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The Way Forward for Assessment
As this issue of Liberal Education goes to press, we have just received news that AAC&U was awarded a major grant from the U.S. Department of Education’s Fund for the Improvement of Postsecondary Education (FIPSE) to support a collaborative project on student learning assessment. The FIPSE grant will fund Rising to the Challenge: Meaningful Assessment of Student Learning, a project that establishes a consortium among AAC&U, the American Association of State Colleges and Universities, and the National Association of State Universities and Land-Grant Colleges to build campus leadership and capacity to implement meaningful approaches to student learning assessment and use assessment results to raise the level and quality of student achievement.
This development comes at a pivotal moment in the history of American higher education. As we all know, our society has been exceptionally well served by the varied, accessible, and intellectually self-directed colleges and universities in our country—and by the vitality and creativity of our faculty. As a result of their work, the American system of higher education is envied—and emulated— throughout the world. However, as the LEAP report, College Learning for the New Global Century, makes plain, we have entered a new era. It is now more urgent than ever before for higher education to overcome four fundamental challenges. Each of these challenges calls, first and foremost, for new forms of creativity and collaborative leadership on the part of college faculty. And each calls on faculty and other academic leaders to use assessment far more creatively, as a way to both focus and strengthen the quality of student learning.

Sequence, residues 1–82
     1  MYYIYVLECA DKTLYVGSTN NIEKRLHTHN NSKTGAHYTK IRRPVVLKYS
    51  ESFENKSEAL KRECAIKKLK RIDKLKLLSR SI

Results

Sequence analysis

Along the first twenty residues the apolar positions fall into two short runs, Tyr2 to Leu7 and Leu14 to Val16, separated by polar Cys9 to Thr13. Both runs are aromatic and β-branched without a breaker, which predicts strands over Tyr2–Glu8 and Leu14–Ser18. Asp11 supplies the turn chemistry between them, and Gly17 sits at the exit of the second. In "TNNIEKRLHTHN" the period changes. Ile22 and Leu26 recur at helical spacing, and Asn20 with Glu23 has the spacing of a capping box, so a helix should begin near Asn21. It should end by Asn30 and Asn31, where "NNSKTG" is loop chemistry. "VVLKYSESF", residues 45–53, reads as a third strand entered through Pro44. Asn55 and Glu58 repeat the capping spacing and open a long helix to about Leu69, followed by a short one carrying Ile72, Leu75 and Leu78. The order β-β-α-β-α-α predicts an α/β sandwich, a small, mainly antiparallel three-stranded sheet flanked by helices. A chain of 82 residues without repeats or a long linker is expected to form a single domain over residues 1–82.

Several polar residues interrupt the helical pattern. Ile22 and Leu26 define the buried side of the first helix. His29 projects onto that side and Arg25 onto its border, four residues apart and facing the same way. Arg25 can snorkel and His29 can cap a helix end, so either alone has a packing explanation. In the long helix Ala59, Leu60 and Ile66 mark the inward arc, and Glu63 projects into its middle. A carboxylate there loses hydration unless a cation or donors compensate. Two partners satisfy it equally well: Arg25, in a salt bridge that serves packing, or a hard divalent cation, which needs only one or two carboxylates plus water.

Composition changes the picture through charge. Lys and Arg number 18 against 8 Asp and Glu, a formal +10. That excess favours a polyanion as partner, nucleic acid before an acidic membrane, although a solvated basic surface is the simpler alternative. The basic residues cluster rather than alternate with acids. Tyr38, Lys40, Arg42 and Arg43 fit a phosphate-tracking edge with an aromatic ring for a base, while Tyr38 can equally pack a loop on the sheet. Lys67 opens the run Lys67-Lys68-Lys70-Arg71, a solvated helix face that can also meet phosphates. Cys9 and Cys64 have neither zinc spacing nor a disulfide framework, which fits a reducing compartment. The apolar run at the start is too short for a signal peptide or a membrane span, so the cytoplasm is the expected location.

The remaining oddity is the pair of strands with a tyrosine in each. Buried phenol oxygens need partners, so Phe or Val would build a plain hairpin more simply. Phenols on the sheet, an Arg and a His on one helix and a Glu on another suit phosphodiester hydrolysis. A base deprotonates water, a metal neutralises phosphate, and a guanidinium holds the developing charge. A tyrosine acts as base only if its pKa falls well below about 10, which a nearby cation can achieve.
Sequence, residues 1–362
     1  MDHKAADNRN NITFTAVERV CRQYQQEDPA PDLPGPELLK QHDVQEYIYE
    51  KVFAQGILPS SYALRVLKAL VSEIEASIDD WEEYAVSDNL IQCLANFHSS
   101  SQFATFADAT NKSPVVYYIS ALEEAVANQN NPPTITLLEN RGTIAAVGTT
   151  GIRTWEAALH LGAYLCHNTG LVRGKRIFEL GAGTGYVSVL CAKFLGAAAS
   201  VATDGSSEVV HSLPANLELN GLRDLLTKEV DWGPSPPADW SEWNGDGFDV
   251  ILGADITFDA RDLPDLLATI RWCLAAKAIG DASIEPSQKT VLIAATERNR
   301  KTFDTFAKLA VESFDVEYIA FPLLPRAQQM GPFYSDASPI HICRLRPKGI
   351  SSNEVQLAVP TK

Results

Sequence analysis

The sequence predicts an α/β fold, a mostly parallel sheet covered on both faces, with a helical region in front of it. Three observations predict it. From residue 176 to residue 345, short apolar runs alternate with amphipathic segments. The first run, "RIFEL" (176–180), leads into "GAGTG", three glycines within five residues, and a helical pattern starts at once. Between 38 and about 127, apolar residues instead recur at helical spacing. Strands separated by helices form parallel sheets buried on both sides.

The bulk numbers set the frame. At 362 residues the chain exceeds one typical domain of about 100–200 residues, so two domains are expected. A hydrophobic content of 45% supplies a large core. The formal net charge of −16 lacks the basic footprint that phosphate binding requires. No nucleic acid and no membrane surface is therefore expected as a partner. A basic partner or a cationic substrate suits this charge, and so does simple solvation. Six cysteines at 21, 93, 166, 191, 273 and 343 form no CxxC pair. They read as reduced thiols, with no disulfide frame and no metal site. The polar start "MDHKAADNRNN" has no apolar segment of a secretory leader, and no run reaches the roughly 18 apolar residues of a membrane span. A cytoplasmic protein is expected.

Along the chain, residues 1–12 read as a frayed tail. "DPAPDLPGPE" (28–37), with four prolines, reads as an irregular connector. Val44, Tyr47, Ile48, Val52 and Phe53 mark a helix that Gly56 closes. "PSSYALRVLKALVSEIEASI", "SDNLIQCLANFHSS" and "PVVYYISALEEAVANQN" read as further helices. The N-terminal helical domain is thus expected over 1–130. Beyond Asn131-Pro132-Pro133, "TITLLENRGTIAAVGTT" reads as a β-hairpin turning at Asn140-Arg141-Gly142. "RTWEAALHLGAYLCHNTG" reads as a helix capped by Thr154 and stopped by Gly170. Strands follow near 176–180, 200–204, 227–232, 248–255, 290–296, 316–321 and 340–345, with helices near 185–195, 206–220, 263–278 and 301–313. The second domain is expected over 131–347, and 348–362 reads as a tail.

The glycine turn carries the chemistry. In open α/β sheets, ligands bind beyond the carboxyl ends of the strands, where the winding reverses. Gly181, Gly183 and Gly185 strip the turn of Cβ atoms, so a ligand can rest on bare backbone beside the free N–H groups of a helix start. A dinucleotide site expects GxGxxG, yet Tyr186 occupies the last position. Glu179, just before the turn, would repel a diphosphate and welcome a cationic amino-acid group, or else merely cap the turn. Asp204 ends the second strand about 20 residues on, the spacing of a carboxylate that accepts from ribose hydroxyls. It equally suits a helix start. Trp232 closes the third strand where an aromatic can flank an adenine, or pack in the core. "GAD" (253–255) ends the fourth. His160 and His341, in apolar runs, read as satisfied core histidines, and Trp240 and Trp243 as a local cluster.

What are these challenges?
First, we need to raise the level of degree completion. Most Americans will certainly need education beyond high school to prosper economically. But with degree attainment holding steady for over a generation at about one-third of the population, we must find ways to help a much higher percentage of Americans prepare for college and actually complete their degrees—two-year degrees and four-year degrees. We must do this to help Americans fulfill their own hopes for the future and to maintain our global leadership.
Second, we must ensure that the college degree represents high levels of educational challenge and accomplishment. To stay competitive in the global knowledge economy, employers now actively seek graduates who possess broad knowledge in areas such as science, the global context, and diverse cultures. They also look for graduates with sophisticated analytical, quantitative, and technological skills; excellent communication and intercultural capacities; and the ability to apply their knowledge creatively to real-world challenges and settings. Sixty-three percent of employers report that many college graduates fall short on these expectations. The world itself is demanding more of college graduates than ever before, and we, as a community, must use our creativity to help all our students meet these high expectations.